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The Shipbreakers

On a desolate, six-mile stretch of Indian beachfront, the bulk of the world’s big ships are dismantled for scrap. Though a ship is usually worth over $1 million in steel, the margins are low, the leftovers are toxic, and the labor—which employs huge numbers of India’s poor—is wildly dangerous.

Kiera Feldman is an investigative reporter. Her latest article is "Trashed: Inside the Deadly World of Private Garbage Collection."

"I used to have a lot of anxiety that I don’t seem like an investigative reporter. Utlimately, my reporting personality is just me. It’s just, I want to be real with people. And the number one rule of reporting is to be a human being to other people. Be decent. Be kind."

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Tina Brown, the former editor of Vanity Fair and The New Yorker, is the founder of Women in the World. Her latest book is The Vanity Fair Diaries.

“I believed that my bravado had no limit, if you know what I mean. I see limits now, let’s put it that way. I do see limits. But you know, I’m still pretty reckless when I want something. That’s why I don’t tweet much. I’ll say something that will just cause me too much trouble.”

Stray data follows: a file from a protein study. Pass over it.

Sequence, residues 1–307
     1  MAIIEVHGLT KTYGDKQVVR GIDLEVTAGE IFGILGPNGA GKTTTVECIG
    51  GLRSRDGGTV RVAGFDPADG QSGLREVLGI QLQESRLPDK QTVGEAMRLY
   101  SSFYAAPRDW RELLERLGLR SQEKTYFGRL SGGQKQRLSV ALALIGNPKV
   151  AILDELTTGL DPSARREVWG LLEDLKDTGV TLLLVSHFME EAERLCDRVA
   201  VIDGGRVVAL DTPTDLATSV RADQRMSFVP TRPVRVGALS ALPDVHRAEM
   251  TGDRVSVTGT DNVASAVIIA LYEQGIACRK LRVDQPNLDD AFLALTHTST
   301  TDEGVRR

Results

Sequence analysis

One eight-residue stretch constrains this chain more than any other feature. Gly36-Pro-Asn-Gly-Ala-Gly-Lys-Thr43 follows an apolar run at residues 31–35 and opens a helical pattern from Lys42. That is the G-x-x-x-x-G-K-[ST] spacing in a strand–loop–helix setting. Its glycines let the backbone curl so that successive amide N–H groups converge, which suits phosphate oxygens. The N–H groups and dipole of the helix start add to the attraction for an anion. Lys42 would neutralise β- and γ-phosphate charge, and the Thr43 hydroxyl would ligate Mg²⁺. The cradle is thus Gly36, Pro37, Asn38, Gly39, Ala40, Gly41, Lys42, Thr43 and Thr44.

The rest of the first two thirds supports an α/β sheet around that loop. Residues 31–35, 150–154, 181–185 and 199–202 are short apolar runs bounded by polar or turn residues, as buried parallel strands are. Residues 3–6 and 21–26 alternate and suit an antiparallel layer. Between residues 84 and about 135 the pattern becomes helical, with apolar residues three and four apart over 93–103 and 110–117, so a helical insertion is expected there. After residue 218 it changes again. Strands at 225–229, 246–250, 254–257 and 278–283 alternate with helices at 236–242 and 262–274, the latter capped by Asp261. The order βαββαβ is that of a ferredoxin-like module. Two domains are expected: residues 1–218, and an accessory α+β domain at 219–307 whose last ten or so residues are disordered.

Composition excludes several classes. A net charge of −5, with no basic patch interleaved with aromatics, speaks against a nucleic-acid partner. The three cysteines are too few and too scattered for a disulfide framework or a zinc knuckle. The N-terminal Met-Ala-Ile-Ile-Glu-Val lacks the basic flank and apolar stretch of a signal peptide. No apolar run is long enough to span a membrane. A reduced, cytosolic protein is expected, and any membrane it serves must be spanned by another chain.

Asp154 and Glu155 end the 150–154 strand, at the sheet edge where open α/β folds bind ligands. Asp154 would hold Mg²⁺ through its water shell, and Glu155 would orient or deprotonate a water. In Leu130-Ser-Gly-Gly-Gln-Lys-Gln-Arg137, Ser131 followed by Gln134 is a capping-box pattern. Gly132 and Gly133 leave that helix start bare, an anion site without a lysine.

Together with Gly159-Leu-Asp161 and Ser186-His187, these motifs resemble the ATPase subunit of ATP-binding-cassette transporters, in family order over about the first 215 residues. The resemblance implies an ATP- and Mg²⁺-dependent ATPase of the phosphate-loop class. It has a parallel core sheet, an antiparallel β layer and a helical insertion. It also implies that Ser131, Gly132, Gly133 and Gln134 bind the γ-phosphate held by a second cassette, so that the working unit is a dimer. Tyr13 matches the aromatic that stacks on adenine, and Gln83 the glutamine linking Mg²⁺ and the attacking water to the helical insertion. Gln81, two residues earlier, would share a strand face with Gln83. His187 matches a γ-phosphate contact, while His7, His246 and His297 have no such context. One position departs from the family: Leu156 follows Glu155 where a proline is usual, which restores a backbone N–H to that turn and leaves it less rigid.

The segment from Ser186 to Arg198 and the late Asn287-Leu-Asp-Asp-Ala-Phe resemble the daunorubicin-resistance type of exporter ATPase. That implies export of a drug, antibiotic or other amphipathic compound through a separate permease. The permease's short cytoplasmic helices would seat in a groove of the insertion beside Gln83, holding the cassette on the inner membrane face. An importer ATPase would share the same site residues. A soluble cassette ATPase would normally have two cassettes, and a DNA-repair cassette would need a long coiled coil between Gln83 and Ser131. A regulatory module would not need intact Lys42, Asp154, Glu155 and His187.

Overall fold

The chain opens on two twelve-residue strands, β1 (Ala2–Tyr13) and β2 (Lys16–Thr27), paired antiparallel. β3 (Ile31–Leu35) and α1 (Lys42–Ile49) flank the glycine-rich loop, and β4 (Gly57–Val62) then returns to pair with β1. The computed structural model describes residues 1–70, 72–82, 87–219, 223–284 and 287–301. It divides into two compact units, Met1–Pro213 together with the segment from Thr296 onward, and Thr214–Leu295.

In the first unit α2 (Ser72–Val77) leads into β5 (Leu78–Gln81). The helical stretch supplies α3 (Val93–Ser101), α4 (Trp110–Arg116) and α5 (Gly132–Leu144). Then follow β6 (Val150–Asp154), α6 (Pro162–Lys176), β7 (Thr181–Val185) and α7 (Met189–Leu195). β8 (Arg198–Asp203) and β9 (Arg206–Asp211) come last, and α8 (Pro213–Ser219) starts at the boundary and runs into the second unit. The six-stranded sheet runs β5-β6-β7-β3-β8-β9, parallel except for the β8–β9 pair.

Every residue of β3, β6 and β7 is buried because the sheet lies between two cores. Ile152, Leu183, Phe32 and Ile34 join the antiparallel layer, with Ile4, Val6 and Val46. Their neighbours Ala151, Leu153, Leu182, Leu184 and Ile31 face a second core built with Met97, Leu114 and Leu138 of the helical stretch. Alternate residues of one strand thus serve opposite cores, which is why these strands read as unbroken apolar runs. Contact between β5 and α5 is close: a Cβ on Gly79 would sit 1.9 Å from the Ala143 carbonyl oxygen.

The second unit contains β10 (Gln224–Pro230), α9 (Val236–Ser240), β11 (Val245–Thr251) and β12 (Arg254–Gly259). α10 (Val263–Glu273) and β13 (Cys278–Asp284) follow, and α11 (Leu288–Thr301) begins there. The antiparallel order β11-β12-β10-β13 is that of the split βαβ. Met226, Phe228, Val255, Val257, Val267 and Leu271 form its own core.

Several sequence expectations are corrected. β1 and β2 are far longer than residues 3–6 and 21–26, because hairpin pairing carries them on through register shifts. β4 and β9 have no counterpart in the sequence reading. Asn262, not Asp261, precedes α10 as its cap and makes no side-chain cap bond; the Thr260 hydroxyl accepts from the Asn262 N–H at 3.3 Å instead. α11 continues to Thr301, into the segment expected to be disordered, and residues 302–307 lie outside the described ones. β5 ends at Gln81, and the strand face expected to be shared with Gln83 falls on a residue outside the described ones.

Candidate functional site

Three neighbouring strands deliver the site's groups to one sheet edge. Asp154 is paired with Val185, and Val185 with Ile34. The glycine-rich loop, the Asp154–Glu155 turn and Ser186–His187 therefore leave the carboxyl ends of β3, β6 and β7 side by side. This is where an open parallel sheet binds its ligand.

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Allison P. Davis is a staff writer at The Cut and New York.

“I have no real advice other than don’t fuck it up and be afraid all the time. That’s the key to success. Don’t fuck it up. Be a little bit anxious all the time.”

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Ta-Nehisi Coates is the author of Between the World and Me and a national correspondent for The Atlantic. His latest cover story is “My President Was Black."

“[People] have come to see me as somebody with answers, but I don’t actually have answers. I’ve never had answers. The questions are the enthralling thing for me. Not necessarily at the end of the thing getting somewhere that’s complete—it’s the asking and repeated asking. I don’t know how that happened, but I felt like after a while it got to the point where I was seen as having unique answers, and I just didn’t. I really, really didn’t.”

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